Ridgefield Sch. Dist.
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News Release
The Cedar Creek Grist Mill opened in 1876 and has been restored to a fully operational mill entirely by volunteers
The Cedar Creek Grist Mill opened in 1876 and has been restored to a fully operational mill entirely by volunteers
Wisdom Ridge Academy students visit Cedar Creek Grist Mill (Photo) - 11/18/22

Just over a covered bridge in Woodland is the Cedar Creek Grist Mill. Since 1876, the mill has been nestled in a thick, green forest beside a rushing creek; it seems to stand still in time. But its history is truly remarkable, its very presence a labor of love on the part of the community surrounding it.

John Clapp, president of Friends of the Cedar Creek Grist Mill, welcomes students from Wisdom Ridge Academy to the mill. He hauls out long wooden benches where the Ridgefield School District students can sit, then shares the story of the mill. It started as a grist mill in 1876, he said, but because the community was so small, it didn’t make enough money for its owner. After a few years, the owner relocated to Chehalis to build a new mill and left the Cedar Creek mill to his friend. That friend turned it into a machine shop, where the swift water turned a turbine powering many different machines. But when the machine shop finally closed, the building stood empty.

The building was a central part of the community for a time, serving as a gathering place for meetings, dinners, and parties. Over the years, though, the building fell into disrepair. It was used less and less often, until it finally became a vacant, vandalized shell of its former self. A few farmers removed what was left of the mill equipment and stored it in their barns for safekeeping.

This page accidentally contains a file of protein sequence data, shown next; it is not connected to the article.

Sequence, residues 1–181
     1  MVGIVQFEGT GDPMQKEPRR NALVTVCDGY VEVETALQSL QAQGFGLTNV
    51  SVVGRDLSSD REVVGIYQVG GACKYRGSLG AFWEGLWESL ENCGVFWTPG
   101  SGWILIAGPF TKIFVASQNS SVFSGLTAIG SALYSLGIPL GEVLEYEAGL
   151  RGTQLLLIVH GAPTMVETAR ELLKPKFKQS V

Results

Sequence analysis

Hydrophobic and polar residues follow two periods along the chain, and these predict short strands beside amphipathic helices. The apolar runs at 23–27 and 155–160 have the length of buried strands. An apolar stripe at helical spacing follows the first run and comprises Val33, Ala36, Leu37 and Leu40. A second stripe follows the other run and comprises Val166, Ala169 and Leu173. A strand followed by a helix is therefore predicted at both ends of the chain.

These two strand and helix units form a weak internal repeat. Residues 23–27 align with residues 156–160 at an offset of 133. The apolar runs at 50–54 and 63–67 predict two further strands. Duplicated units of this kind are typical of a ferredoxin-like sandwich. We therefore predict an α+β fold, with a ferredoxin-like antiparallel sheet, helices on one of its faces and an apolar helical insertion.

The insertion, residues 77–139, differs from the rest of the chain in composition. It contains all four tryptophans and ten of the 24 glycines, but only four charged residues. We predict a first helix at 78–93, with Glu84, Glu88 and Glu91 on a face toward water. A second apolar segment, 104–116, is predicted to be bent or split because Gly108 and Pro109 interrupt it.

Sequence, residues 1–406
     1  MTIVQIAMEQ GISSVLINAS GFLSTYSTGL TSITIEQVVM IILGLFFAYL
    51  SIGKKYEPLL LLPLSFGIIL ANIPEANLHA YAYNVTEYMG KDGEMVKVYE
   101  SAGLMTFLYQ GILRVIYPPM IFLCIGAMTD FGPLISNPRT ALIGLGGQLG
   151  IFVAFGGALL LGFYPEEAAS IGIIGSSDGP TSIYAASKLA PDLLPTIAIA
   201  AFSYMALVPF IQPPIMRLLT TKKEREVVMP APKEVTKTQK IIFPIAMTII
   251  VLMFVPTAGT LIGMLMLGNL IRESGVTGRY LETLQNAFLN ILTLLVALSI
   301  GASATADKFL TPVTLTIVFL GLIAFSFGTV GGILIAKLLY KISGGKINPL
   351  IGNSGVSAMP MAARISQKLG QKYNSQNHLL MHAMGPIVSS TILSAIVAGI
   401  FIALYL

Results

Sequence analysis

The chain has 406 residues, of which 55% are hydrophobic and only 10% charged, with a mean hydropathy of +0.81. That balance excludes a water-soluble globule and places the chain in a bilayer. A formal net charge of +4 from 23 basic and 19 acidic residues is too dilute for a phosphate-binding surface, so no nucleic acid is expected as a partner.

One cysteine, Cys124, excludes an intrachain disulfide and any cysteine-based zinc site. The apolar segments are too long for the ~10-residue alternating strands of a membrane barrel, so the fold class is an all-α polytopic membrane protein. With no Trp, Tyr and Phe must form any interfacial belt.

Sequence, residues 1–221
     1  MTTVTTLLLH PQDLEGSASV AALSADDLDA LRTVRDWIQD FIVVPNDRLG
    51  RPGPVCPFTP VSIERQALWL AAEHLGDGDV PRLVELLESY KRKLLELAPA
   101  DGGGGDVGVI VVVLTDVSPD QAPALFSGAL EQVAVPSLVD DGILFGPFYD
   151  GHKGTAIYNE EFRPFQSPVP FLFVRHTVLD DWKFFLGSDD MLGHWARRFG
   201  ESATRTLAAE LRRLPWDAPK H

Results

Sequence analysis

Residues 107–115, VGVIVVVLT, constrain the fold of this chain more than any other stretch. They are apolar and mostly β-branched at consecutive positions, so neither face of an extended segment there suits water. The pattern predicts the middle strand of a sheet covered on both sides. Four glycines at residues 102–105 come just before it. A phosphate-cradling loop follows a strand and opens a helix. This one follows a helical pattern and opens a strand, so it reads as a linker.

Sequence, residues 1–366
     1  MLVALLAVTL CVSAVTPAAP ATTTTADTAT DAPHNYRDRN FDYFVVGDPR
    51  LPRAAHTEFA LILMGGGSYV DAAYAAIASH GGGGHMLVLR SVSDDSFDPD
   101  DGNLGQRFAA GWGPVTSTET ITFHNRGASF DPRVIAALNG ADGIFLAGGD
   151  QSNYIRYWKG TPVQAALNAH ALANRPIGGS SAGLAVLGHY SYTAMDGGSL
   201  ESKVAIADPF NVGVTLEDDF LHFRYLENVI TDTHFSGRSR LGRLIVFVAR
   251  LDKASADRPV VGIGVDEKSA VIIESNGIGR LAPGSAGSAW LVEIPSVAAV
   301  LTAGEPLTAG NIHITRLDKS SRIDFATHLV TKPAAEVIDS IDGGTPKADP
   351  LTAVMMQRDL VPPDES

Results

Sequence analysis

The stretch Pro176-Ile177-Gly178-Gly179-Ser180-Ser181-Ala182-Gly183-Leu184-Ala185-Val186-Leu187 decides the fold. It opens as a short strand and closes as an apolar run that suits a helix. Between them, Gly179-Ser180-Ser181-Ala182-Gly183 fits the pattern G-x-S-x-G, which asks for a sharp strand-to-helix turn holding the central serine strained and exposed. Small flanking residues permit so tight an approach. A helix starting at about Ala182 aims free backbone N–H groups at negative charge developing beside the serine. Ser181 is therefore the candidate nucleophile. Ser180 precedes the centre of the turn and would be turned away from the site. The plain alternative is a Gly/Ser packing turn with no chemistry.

Clapp explained that the community decided to rebuild the mill in 1979. Bit by bit, the group gathered donations, volunteering their time and labor over months and years to refurbish each piece of the mill. They replaced beams and boards and located vintage mill parts. “Whenever we needed something, it just appeared,” Clapp marveled. 

The group’s goal was to have the mill operational again—no easy feat for a building that had stood vacant for decades. With the help of machinist Fred Schultz, the volunteers slowly learned how to bring the mill back to life. When opening day came, they ground flour and cornmeal with milling stones handcut from French granite, the first in the mill for over a hundred years. 

Clapp was happy to demonstrate how the mill worked for the Wisdom Ridge students. After a brief break while he cleared the flume of leaves, students gathered around the milling equipment. A volunteer on the other side of the room turned a metal wheel slightly, and the entire mill jumped to life. The students stood with mouths agape as the strength of the water started an entire system of belts and gears in motion, powering the mill to grind thick wheat kernels into flour in mere seconds. 

Afterwards, the students ran their hands through samples of corn and cornmeal, wheat and flour. Outside, they wandered down a path for a side view of the mill, where they got a better idea of how the mill worked. They could watch water diverting from the rushing creek into the flume, flowing into the huge turbine and creating power. It was a remarkable field trip for the students who typically do most of their learning online, a lesson that brought them back in time, but also taught them the importance of community.

Cedar Creek Grist Mill is on the National Register of Historic Places as the only grain-grinding mill in the entire state of Washington that has retained its structural integrity, grinds with stones, and is water-powered. The Friends of the Cedar Creek Grist Mill remains all volunteer and donation-driven, running regular events that include Blueberry Pancake Day in July and Apple Cider Pressing Day in October. You can learn more about the mill and support their mission at https://cedarcreekgristmill.org/

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